Other Grants Received Recently

To further its mission, the Library solicits grants and contracts from governmental and private sources. Here are some grant funded projects that are not listed elsewhere.

Cornerstones of the American Middle Class: The Historical Collective Bargaining Agreements Project

With funding from The National Historical Publications and Records Commission, the Cornell University Library will digitize 84,000 pages of Collective Bargaining Agreements (CBAs) representing the American educational and retail sectors from the U.S. Department of Labor Historical Collective Bargaining Agreements Collection at the Kheel Center for Labor-Management Documentation and Archives. Contact: Chery Beredo bcb8@cornell.edu

Educating the New Generation of E-Scientists through Developing a Data Information Literacy Curriculum

Cornell University Library is partnering with Purdue University (lead), the University of Oregon, and the University of Minnesota to develop a model for designing and implementing a data information literacy (DIL) instruction program for graduate students in STEM disciplines. Five project teams composed of a data librarian, a subject librarian, and a faculty researcher are working to develop a DIL program with defined learning goals, educational interventions and metrics for assessment. The Cornell team worked with Cliff Kraft, Associate Professor in the Department of Natural Resources, to develop and offer NTRES 6940: Managing data to facilitate your research in Spring 2013. Due to positive feedback from faculty and students, the Cornell team members are working to establish the course as a regular offering in the Department of Natural Resources and are holding generalized data management workshops in the library aimed at students in other disciplines. To share its experience with others the teams held a Data Information Literacy Symposium at Purdue University in September 2013, are creating a web-based toolkit, and have submitted a book proposal to Purdue University Press.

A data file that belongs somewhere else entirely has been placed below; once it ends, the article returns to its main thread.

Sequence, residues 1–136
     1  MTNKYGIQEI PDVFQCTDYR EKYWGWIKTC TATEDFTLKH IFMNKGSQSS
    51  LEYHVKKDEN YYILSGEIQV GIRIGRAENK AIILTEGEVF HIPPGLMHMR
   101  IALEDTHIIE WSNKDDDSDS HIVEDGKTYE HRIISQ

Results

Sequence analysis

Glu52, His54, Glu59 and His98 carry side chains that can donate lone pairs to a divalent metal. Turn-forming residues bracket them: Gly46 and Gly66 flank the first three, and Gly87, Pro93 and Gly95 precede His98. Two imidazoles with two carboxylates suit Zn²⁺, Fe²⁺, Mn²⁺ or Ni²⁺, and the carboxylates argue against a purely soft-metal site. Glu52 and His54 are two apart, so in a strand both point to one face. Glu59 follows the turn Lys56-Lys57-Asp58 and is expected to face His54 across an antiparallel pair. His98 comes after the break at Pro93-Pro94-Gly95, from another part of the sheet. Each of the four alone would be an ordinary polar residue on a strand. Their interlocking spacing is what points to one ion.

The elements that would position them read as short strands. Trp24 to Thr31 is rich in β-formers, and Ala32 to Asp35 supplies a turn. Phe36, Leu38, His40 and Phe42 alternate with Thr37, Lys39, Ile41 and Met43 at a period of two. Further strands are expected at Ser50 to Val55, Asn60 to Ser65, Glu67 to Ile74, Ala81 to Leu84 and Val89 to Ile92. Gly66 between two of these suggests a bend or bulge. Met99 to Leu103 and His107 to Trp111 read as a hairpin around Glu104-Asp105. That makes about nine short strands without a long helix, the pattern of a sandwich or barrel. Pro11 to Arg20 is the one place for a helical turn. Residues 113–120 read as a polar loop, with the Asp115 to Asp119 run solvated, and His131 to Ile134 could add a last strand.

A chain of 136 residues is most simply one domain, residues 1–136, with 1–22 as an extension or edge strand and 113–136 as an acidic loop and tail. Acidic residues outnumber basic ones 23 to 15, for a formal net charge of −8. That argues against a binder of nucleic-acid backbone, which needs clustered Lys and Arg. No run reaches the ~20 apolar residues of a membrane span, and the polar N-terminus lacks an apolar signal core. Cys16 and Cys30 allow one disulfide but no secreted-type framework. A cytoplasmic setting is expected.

Enhancing Skills for Faculty in the Agricultural Sciences Success In Sub-Saharan Africa

With funding from the Elsevier Foundation, the Cornell University Library will work with Information Training and Outreach Centre for Africa (ITOCA) to develop and deliver science writing and information literacy training to young faculty, researchers and librarians in the agricultural and related biological fields. The training will focus on developing essential skills to publish and disseminate research findings. Contact: Joy Paulson jp243@cornell.edu and Jim Morris-Knower jpk15@cornell.edu 

Linked Data for Libraries 

An investigation in collaboration with the Harvard Library Innovation Lab and Stanford University Libraries on using Linked Data and the Semantic Web to improve discovery and access of scholarly information. The Semantic Web is a set of conventions for making the human-readable information communicated on web pages more understandable and reusable by computers. Linked Data is a way of expressing data in large “clouds” on the Internet so that computers can make connections among different collections with a minimum of prior agreement. Ultimately, the goal of the project is to create a system that pulls information out of its existing silos — like library catalogs, finding aids, reading lists and more — into a common format that people can use to find and understand information. This new system would apply to all scholarly and creative disciplines, including the sciences, the arts and the humanities.  With funding from the Andrew W. Mellon Foundation.  Contact: Dean Krafft dean.krafft@cornell.edu; further information at https://wiki.duraspace.org/display/ld4l

New York Climate Change Science Clearinghouse